int count = m1.getArgumentCount();
    if (count != m2.getArgumentCount()) return false;

    for (int i = 0; i < count; i++) {
        if (!m1.getArgumentType(i).equals(m2.getArgumentType(i))) return false;
    }

    return true;
}
share|improve this answer
    
op(Number) is not completely independent of op(Double) as demonstrated by johncarl's answer below. It is there because otherwise the TestDouble signature would be incompatible with the Test<T extends Number> signature –  Andrew Alcock Sep 21 '12 at 8:12
    
Indeed in johncarl's example they are not independent. That's because he is using plain Java and its compiler to create. But if you use a proxy, an old compiler or a JVM assembler you can create independent (and pathological) examples like mine above. –  Saintali Sep 21 '12 at 8:20
    
Very informative example with Proxy. Not really solving my question, though. –  Flavio Sep 21 '12 at 10:53
    
@Flavio This does not solve your problem, obviously. Unfortunately Java's reflection API is far from coherent. It is a shame. All the information is there, the compiler has it, the JVM has it, but it is not provided in a useful fashion. Even the wonderful Apache lang tool lacks this important feature. –  Saintali Sep 22 '12 at 19:39
    
@Flavio updated. –  Saintali Sep 22 '12 at 23:50

Every respondent so far has positively contributed, but I'll try to wrap the different ideas up into a single answer. The key to understanding what is going on is how the Java compiler and JVM implement generics - that explains the bridge, and why it is false in the interface.

In summary, though:

  1. The more generic method int op(Number) is required for signature compatibility and to construct the implementation's bridge method

  2. The isBridge() method can only be true for concrete classes, not interfaces

  3. It probably doesn't matter which of the two methods you pick up - they will work identically in the runtime.

Ok, here's the long answer:

Java's implementation of Generics

When you have a generic class or interface, the compiler constructs a method in the class file with each generic type replaced with an appropriate concrete type. For example, ITest has a method:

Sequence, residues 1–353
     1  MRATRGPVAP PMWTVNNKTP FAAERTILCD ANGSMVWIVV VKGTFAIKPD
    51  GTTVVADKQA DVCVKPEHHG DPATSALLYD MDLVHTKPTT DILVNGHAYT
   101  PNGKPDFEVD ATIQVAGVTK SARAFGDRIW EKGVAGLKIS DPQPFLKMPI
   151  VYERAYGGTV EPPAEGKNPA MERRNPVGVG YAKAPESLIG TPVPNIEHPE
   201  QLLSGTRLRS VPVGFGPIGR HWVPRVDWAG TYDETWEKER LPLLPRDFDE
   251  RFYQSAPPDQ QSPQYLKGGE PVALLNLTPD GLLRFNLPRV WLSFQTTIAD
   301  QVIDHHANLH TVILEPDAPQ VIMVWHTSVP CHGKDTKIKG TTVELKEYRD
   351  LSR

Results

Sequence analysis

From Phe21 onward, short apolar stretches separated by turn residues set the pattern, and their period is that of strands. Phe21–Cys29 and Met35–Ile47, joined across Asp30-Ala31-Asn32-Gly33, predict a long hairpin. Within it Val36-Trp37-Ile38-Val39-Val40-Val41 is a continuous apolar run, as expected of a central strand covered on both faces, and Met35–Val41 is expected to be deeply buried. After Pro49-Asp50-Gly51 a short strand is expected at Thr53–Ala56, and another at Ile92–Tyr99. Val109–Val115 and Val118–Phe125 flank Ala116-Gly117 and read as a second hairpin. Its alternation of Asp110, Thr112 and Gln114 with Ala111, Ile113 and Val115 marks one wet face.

int op(T value)

where the class defines T as T extends Number, so the class file has a method:

int op(Number);    

When ITest is used, the compiler creates additional classes for each type the generic is resolved to. For example, if there is a line of code:

ITest<Double> t = new ...

The compiler produces a class with the following methods:

int op(Number);
int op(Double);

But surely the JVM only needs the int op(Double) version? Doesn't the compiler make sure that ITest<Double> only receives calls on op(Double)?

There are two reasons why Java needs the int op(Number) method:

  1. Object orientation requires that wherever you use a class you can always replace it by a subclass (at least from type safety). If int op(Number) did not exist, the class will not provide a full implementation of the signature of the superclass (or super-interface).

  2. Java is a dynamic language with both casting and reflection, so it is possible to call the method with an incorrect type. At this point Java guarantees that you get a class cast exception.

In fact, the implementation of 2. above is achieved by the compiler producing a 'bridge method'.

What does a bridge method do?

When ITest<Double> is created from ITest<T extends Number>, the compiler creates the int op(Number) method, and its implementation is:

public int op(Number n) {
    return this.op((Double) n);
} 

This implementation has two properties:

  1. Where n is a Double, it delegates the call to int op(Double), and

  2. Where n is not a Double, it causes the ClassCastException.

This method is a 'bridge' from the generic type to the concrete type. From its very nature, only concrete methods can be bridges, so the int op(Double) on the sub-interface is only a signature.

What about the OP?

In the example in the question, the sub-interface class file ITestDouble created by the compiler has both the methods:

int op(Number);
int op(Double);

The int op(Number) is needed so that implementations of ITestDouble can have their bridge method - but this method is not itself a bridge because it is only a signature, not an implementation. Arguably Sun/Oracle have missed a trick here, and it might be worth raising a bug with them.

How to find the correct method?